Love Just One

By Francis Frangipane
(En Español)

We've stated that true spiritual discernment comes from knowing the mind of Christ. Let me make this quest as practical as possible: if we would know the thoughts of Christ, we should seek to know His motives, for thoughts exist to fulfill motives. Jesus Christ came into the world, "not . . . to condemn the world, but that the world might be saved through him" (John 3:17 NAB). Thus, if we truly understand the love that motivated Jesus, we will increasingly hear and understand His thoughts.

Or consider Paul's words, "And this I pray, that your love may abound still more and more in real knowledge and all discernment" (Phil. 1:9). The route to true knowledge and all discernment is to possess abounding love. Let us learn to rest our heads upon Christ's breast and listen to His heart. For in hearing His heart, we can discern His love for those around us.

The Divine Purpose

By Francis Frangipane
(En Español)

"And we know that God causes all things to work together for the good to those who love God, to those who are called according to His purpose" (Rom. 8:28).

Even before I came to Christ, the phrase, "it all works for good," was a familiar coping mechanism for life's ills. Yet this spiritual truth really is not a promise for everyone. What I mean is that there are many things in life -- horrible things -- that are not working for good: Millions die who do not go to Heaven. Others languish in prolonged agony, suffering from unspeakable diseases, physical trauma or war. What of abortion, human trafficking and drug addiction? Do these work for good?

What Does Jesus Say?

By Francis Frangipane
(En Español)

Great Gain
We must relearn how to think. We must learn how to pause before we speak -- give ourselves a moment to enter the secret place of God's presence -- and then listen to what Jesus has to say. For Christ Himself is the source of our discernment. In listening, we create the opportunity to hear the Lord's voice; postured before Him we can receive answers, wisdom and insights that we otherwise would not discern.

Indeed, using the gift of discernment, we can counter the advance of the enemy and reverse the gains he might have otherwise obtained. Consider the gospel story of the woman caught in the act of adultery (John 8:1-11). As experts in the Mosaic Law, the Pharisees knew well that the woman had sinned. Wishing to publicly discredit Jesus, they brought her to Him hoping, perhaps, to prove Him a heretic:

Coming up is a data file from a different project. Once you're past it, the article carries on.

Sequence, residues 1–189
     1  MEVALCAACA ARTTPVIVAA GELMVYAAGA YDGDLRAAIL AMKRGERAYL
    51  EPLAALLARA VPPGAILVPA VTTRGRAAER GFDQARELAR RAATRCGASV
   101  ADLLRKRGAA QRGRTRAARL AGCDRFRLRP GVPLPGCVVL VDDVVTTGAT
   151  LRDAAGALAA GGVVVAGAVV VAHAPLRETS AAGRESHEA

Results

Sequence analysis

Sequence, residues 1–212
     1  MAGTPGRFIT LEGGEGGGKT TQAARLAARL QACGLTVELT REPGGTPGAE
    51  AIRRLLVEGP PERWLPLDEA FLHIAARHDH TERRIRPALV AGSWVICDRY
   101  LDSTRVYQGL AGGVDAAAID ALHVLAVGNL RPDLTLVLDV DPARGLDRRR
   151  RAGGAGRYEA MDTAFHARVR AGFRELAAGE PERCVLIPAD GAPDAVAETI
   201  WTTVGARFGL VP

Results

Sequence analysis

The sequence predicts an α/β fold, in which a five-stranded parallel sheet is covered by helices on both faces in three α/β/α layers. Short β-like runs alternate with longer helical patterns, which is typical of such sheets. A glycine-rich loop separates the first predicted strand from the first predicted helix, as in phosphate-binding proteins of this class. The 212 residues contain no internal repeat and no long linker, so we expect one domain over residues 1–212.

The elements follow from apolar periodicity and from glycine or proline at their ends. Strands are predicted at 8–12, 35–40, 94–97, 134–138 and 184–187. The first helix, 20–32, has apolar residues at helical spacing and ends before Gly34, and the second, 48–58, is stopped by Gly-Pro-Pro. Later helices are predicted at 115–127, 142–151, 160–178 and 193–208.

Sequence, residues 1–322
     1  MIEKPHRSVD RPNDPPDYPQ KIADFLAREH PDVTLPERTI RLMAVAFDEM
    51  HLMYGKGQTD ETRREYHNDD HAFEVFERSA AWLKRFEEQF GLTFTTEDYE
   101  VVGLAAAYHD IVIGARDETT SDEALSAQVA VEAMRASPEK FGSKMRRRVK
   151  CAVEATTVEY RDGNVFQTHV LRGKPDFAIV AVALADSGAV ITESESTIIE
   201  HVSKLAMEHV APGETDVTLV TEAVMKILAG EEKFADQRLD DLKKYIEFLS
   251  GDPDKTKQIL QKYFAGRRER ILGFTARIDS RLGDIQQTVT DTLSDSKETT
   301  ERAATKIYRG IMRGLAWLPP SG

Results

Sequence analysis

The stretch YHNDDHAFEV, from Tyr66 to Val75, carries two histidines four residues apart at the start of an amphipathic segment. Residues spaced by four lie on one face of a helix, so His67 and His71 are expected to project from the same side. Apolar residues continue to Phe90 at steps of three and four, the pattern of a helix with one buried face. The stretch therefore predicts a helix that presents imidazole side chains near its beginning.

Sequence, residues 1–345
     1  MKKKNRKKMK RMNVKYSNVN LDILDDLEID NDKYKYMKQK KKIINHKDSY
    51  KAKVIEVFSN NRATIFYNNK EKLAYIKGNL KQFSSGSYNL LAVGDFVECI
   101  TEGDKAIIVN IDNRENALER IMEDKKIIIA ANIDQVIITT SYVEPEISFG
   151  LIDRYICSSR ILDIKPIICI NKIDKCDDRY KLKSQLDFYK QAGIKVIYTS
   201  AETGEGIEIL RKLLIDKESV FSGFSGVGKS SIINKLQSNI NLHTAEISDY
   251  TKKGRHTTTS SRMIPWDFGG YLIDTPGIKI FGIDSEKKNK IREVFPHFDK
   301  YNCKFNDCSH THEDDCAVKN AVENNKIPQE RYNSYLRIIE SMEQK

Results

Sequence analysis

What Are You Becoming?

By Francis Frangipane
(En Español)

It is insightful to me that when Luke listed the twelve apostles, when he came to Judas Iscariot, he identified him as the apostle "who became a traitor" (Luke 6:16).

Let me start with a question, a sincere question that may be the most important question you can ask yourself: What are you becoming? Judas Iscariot was an apostle "who became a traitor." This was a man who had been used mightily by the Lord to "heal the sick, raise the dead, cleanse the lepers [and] cast out demons" (Matt. 10:8). Judas knew the excitement, joy and power of personally walking with Jesus. He saw miracles, signs and wonders.

Yet Judas had a serious character flaw, a moral weakness. The Scripture reveals that, despite the fact that God was using him, Judas "was a thief" (John 12:6). He used to pilfer the money box. It is significant, my friend, that Jesus allowed a thief to carry the money box. Sometimes we think the Lord is going to challenge us on every issue, but there are times when His silence about our repeated sin is His rebuke. Judas knew what he was doing was wrong, but since Jesus didn't directly confront him, Judas minimized the severity of his iniquity. Perhaps he rationalized that if pilfering was truly bad, God would not still be using him to work miracles.